Montenegro has had a tough time getting noticed and voted into the finals in the past, and this year’s approach seems to be centered on appealing to a campy homoerotic sensibility. Slavko is outfitted with a huge braided ponytail that he whips around madly while projections of hunky male dancers strut and pose to make sure no one forgets their dancey “Space”:

Croatia has a highly regarded history in Eurovision, and rarely goes out on a limb to present a thick slab of Eurovision cheese.  Until this year. Jacques Houdek’s “My Friend” has the portly singer emoting as a light pop tenor and a barrel-chested operatic baritone on the Kyiv stage.  Well-performed, and Croatia have thrown in everything including fireworks showers to make this cheesefest unforgettable. Here’s the official video, but you’ll have to wait to catch the OTT stage presentation:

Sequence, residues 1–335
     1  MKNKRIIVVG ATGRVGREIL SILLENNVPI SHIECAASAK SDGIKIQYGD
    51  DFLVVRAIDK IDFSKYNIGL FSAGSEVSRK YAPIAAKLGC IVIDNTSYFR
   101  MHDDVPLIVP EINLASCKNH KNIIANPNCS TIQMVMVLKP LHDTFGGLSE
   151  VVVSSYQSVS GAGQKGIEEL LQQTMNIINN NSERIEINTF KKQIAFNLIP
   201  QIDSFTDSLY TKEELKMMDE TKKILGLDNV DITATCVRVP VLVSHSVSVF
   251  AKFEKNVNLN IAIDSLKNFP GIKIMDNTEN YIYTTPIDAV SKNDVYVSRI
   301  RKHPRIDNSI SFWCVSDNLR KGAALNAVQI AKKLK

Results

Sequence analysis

Moldova has a long history of adding crazy fun to the ESC mix, including a group called the Sunstroke Project and their Epic Sax Guy that took the internet by storm several years ago. Now they are back for another crack at the competition, and the press is salivating at their antics onstage (first rehearsal snippet):

Romania is another Balkan powerhouse that has never shied away from presenting such refined entertainment as flaming pianos and a preening Dracula-like countertenor swirling around stage in a gigantic cloak.  This year they’ve brought us a yodeling duet that should mop up telephone votes (and might scare off jury professionals).

Azerbaijan is one of the most successful recent additions to ESC, having consistently placed near the top of the board and winning the whole shebang in 2012.  This year they’ve gone arty and weird, with the extremely theatrical Dihaj singing about her personal “skeletons” while being glared at by a menacing man with a horse head from the top of an onstage ladder: